György Kepes was born in Selyp, Hungary and studied under painter Istvan Csók at the Royal Academy of Fine Arts in Budapest. Although trained in impressionism, György Kepes quickly developed an interest in more avant-garde and abstract visual styles, in particular the visual effects of light. He began experimenting with photograms – a technique where images are made by placing objects onto photosensitive paper and then exposing the paper to light. As György Kepes became increasingly interested in visual theory and technology, he used devices such as x-ray machines, electron microscopes, sonar, and radar in order to capture unseen images.
In 1930 György Kepes moved to Berlin to work as a publication, exhibition and stage designer. It was there that he was invited to join the design studio of artist and Bauhaus professor László Moholy-Nagy, where the two collaborated for years to come. In 1937, alongside Moholy-Nagy, Kepes emigrated to the U.S. and was subsequently invited to head the curricular area in Light and Color at the New Bauhaus, Chicago, now known as the Institute of Design. In 1944 Kepes published the Language of Vision, an influential text, which outlined his theories on visual communication through photography, cinema and design. Kepes went on to teach at MIT in 1946, and in 1967 he founded MIT’s Center for Advanced Visual Studies (CAVS).
Throughout his years at MIT Kepes continued to paint as well as explore a variety of photographic techniques including: double exposures and photograms; as well as going on to develop his “photo-drawings.” In his “photo-drawings,” Kepes experimented with applying paint to glass plates, then shining light through them, using them as one would use a traditional photographic negative. Many of the resulting images embody a combination of his interest in science and technology with his passion for art and design. Kepes’ work in both the sciences and arts is considered influential and innovative, and his theories of light, design and imagery continue to be relevant today.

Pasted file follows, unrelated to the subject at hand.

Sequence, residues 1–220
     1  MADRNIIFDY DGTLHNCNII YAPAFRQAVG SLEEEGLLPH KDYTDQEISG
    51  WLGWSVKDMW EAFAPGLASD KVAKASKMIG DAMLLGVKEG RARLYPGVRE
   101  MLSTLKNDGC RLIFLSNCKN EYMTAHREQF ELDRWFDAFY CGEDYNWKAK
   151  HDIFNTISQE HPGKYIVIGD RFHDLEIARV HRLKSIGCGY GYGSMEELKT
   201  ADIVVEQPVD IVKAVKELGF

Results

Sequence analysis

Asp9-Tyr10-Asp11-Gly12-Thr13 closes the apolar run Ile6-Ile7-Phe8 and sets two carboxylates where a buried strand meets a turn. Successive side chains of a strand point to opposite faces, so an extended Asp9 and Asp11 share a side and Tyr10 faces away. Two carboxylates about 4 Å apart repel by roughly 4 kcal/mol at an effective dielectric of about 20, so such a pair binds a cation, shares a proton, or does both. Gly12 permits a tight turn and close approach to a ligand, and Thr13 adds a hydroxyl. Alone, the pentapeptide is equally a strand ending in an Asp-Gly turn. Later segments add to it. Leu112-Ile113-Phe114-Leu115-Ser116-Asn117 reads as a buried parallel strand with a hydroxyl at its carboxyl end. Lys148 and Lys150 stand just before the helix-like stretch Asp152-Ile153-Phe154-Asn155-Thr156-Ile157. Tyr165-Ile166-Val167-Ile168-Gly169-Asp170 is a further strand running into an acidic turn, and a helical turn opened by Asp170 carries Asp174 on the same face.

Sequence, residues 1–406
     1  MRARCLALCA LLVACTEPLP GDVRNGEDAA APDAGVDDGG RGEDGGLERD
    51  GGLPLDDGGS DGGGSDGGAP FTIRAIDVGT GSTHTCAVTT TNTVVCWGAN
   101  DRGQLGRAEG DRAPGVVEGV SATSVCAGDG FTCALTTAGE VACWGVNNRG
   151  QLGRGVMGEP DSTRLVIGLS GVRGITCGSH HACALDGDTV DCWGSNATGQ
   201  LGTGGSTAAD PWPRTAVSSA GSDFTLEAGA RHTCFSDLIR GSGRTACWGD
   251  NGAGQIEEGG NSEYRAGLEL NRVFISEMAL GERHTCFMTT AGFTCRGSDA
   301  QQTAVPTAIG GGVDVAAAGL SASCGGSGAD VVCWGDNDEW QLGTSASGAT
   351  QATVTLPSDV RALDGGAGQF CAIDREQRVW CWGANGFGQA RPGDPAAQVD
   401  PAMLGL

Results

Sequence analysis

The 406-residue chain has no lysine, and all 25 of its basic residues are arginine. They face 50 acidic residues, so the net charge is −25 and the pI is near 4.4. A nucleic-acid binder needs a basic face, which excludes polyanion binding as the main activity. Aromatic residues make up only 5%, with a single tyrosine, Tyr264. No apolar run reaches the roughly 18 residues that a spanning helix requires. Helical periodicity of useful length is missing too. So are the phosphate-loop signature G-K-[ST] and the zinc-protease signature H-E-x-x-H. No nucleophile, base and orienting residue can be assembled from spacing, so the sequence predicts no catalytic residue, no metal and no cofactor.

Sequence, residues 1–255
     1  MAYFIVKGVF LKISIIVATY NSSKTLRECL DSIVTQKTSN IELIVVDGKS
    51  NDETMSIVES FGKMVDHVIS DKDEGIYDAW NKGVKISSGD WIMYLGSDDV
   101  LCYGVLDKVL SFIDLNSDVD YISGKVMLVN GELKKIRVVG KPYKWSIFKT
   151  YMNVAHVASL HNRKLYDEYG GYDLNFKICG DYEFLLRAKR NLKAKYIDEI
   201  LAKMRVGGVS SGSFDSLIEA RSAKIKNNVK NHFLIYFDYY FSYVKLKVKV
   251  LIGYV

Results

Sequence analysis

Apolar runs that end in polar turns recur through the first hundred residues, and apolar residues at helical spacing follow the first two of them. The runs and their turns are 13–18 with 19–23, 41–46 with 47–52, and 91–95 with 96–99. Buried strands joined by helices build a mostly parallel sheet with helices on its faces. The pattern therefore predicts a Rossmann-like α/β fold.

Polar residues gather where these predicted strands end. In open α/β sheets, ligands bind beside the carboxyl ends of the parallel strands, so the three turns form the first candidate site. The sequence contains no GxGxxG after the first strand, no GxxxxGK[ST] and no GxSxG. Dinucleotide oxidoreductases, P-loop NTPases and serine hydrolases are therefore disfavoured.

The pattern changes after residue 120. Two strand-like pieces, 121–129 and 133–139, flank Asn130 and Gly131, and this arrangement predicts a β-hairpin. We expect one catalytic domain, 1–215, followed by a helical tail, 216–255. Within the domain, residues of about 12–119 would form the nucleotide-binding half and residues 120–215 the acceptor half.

In 2019 the Robert Koch Gallery staged the exhibition György Kepes: New Bauhaus in America, with an accompanying 68 page monograph of the same title, which served to commemorated the 100 year anniversary of the founding of the original Bauhaus School in Germany. The exhibition was likely one of the most comprehensive exhibitions of György Kepes’s work in decades, with 48 works, plus two collaborations with M. Halberstadt. Also included in the exhibition were work from others in the New Bauhaus milieu, including mixed media works by László Moholy-Nagy (gouache and ink on paper, serigraph on paper, and vintage photogram), along with photograms by Arthur Siegel, solarized photographs by M. Halberstadt, along with experimental light and color abstractions by Henry Holmes Smith.